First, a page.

Mike Cullen opened Mr. Mike’s Used Books in Cary in 2003, but its beginnings started much earlier.
“My first job when I was 16 was working in a used book store,” he said.
After college, he programmed computers for six years, saving all that he could for his true passion.
“There was plenty of work with Y2K,” he said. “That’s how I made the money to do this.”
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Mr. Mike’s underwent its second expansion this month, moving from its Kildaire Farm Road location to a larger space in Wellington Park shopping center. The new store is 20 percent larger and will hold nearly 6,000 more books, Cullen said.
“I like the location. It’s a shopping center on the way up.” said Cullen, 49.
He said the short distance from the previous site makes the move easy on customers.
“We’re not asking much of them,” he said.
The new store features a larger children’s area, with a table and chairs for young readers. The section is double the size it was when Mr. Mike’s opened its first store. Cullen estimates 60 percent of his customers are women, and many of them have children.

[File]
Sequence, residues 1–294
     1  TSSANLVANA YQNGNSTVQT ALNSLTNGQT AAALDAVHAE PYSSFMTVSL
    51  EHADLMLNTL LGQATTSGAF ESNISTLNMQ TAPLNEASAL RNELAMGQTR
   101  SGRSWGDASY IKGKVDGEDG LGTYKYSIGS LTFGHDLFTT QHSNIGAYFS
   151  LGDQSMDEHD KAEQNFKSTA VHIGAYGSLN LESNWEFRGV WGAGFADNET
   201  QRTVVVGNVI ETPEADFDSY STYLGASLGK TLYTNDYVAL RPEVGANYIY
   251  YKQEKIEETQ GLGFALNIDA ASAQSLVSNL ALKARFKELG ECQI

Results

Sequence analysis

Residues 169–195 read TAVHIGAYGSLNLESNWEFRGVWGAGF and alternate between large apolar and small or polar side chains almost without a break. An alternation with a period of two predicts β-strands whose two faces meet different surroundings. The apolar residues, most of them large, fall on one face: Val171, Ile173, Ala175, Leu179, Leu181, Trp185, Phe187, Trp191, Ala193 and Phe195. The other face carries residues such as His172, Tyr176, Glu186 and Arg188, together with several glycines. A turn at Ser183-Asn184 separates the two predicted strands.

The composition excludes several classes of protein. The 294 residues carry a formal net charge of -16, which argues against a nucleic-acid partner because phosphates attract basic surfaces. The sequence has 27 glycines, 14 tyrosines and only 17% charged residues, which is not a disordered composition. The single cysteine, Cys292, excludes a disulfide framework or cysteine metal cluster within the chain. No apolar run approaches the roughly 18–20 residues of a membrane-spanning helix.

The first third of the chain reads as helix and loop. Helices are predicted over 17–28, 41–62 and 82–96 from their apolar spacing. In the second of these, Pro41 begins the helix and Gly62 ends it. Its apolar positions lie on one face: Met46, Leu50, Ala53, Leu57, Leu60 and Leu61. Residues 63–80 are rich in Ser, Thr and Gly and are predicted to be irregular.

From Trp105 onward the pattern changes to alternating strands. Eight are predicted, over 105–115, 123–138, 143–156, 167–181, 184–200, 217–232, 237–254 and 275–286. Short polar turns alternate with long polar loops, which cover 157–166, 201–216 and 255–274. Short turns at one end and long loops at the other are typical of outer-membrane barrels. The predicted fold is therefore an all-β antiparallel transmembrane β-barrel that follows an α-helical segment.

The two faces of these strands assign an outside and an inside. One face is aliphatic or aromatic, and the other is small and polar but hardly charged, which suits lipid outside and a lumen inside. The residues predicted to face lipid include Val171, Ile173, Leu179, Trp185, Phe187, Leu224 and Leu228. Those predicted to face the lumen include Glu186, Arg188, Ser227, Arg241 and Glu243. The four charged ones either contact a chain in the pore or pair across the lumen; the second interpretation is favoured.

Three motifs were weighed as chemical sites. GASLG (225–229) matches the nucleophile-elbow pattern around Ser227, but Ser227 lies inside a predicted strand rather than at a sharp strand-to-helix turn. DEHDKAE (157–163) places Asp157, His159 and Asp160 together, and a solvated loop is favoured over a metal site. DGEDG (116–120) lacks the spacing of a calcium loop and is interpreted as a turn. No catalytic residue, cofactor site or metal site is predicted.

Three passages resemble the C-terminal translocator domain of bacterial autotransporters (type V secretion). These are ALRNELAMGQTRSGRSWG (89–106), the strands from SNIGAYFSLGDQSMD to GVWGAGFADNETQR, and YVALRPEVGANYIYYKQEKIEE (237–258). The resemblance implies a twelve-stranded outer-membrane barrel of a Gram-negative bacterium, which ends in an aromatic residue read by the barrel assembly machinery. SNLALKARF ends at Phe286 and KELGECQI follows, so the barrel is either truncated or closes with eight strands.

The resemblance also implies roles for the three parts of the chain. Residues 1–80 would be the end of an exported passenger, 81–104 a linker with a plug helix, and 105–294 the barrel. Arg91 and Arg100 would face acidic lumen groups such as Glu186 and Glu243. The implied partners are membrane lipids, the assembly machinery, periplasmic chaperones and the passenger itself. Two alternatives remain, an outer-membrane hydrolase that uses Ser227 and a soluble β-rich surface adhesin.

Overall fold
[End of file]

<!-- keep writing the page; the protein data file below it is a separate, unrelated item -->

“May through September is our busiest time, and that coincides with the kids being out of school,” he said.
A second Mr. Mike’s location opened in North Raleigh in 2005. Cullen said that store is nearing capacity and will need a larger space soon.
Big box bookstores are not able to compete with Mr. Mike’s in price, Cullen said.
“That’s how we’re hanging in,” he said.
Even digital books are no match. Cullen notes digital copies cost nearly as much as hard copies.
“As long as they do that, we crush them on price,” he said.
Mr. Mike’s offers paperback at approximately half the cover price. Hardbacks are in the $5 range.
“The things that get us by are organization and selection,” Cullen said.
When he was starting out, Cullen bought books from thrift stores and garage sales. Now, all of his stock comes through purchases or trades with customers.
Good quality books of nearly every genre are accepted. Customers may choose to receive payment in cash or store credit.
“We have the luxury of being selective,” Cullen said. “That increases the quality of our stock.”
It also can lead to disappointment.
“Everyone wants to sell one more book from their stack,” he said. “It’s the nature of the business that we can’t buy everything.”
He limits major authors to two or three copies of a single title.
“A lot of books come in with our stickers on them,” Cullen said. “If you take care of them, books are pretty sturdy. Some we’ve bought six to eight times.
“Eventually our customers will age out and digital will come in, but I don’t see that happening for awhile.”